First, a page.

What exactly is blockchain and how will it change the world?


You might have heard about a bunch of new currencies that have cropped up in recent years; they don’t belong to a central bank and are known as cryptocurrencies. Perhaps the most known cryptocurrency is Bitcoin, but what is it and how does it work? It is a decentralized banking system that uses a technology known as blockchain to ensure the safety of those who chose to trade in cryptocurrencies. But what is blockchain and how exactly will it change the world?

Blockchain

Blockchain allows digital information to be passed around but never copied, which means that people’s transactions cannot be used for data unless agreed upon by the person themselves. Blockchain was originally created to ensure that the Bitcoin cryptocurrency would keep everyone’s data and spending habits private, unlike what happens when you make purchases through regular banking systems. Thanks to blockchain technology, the Bitcoin currency has been valued at almost $9 billion. The technology allows for the recording of incorruptible data, programmed to track financial transactions and can be used on basically anything of monetary or intellectual value.

No central storage

One of the greatest strengths of blockchain technology is that the data is not all stored in one place. Rather it is stored within a network of locations to ensure that the records are public and verifiable. This information doesn’t have a singular place of storage, meaning that a hacker cannot come along and mine the data, or corrupt it. This means that information stored via blockchain can no longer be controlled by one single person, company, or country. Additionally there is no single point of failure, so anytime there is an error in the storage of data it is due to malicious involvement rather than a failure of the system. Currently central databases are open to both malicious interference and failures within their systems.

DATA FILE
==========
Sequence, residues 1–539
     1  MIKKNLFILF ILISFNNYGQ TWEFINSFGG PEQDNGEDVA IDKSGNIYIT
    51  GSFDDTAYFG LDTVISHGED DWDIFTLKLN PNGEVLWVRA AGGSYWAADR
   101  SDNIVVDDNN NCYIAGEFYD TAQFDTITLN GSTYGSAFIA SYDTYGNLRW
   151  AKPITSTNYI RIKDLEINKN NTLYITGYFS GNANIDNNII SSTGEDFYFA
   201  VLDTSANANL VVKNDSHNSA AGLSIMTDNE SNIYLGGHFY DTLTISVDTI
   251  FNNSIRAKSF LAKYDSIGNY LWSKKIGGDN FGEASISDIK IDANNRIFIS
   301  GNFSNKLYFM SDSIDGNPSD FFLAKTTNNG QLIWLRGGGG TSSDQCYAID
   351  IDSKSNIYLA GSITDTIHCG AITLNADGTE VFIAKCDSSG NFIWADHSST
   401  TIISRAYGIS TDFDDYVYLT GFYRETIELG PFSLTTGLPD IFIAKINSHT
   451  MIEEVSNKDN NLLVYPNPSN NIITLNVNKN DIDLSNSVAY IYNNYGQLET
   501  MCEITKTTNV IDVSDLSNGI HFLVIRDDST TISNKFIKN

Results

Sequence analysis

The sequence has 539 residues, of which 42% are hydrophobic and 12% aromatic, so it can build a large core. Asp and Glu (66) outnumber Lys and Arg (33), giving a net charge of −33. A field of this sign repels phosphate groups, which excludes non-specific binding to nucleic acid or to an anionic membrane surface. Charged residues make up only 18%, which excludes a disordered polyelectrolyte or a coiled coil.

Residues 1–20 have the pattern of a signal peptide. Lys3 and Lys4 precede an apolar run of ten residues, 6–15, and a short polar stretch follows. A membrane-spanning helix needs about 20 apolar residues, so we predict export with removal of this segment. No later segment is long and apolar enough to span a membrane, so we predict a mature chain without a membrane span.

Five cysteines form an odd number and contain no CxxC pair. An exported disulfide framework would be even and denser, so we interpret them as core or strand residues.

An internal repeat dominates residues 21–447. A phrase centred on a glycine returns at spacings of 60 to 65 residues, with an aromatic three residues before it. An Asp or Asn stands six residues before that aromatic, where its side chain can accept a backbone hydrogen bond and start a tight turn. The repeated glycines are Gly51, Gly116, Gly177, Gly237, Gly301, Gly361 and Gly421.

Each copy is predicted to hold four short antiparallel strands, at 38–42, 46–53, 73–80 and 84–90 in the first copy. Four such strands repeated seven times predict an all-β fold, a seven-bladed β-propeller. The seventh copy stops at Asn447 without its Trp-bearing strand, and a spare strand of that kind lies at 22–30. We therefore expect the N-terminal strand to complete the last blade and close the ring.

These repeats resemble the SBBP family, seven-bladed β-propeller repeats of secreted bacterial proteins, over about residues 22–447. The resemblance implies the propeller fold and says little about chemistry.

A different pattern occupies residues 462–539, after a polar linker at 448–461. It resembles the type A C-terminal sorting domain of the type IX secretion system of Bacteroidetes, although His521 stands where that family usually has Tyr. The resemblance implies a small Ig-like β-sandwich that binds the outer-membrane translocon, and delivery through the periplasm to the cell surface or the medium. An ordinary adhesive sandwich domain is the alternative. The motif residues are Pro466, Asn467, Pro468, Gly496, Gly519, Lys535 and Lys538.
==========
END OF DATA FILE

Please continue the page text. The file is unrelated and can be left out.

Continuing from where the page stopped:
The internet of things

So what will the world look like if blockchain is globally accepted and implemented? For starters, the internet of things will happen sooner rather than later. The internet of things is a concept where all of our devices are connected to one another, seamlessly integrating into our lives. Picture a typical day, you get up, make coffee, then head to your car and drive to a meeting. With all of your devices talking to each other, your wake up alarm can set itself, communicate with your coffeemaker, so it’s freshly brewed when you go to the kitchen. Your calendar can interact with your car, and your GPS will already be taking you the quickest route to your meeting, getting you there with time to spare. Blockchain technology will protect people’s servers getting hacked through their kettle which won’t have the robust protection software that a computer or smartphone might have.

Transparent governments?

Because the data is available for everyone to see, there is complete transparency in the information that’s out there. Governments in the future could end up sharing all of their data which means people can make informed decisions about who to vote for based on accessible facts, rather than listening to the spin and false promises given by politicians when looking for your vote.

Blockchain technology has been working for ten years already and is proving to be a successful alternative to traditional data storage methods. It protects the data from hackers and keeps records open and honest, removing the worry of corruption. It will force future businesses to be completely wide open about their practices, allowing people to make a conscientious decision when choosing to make a purchase with a company.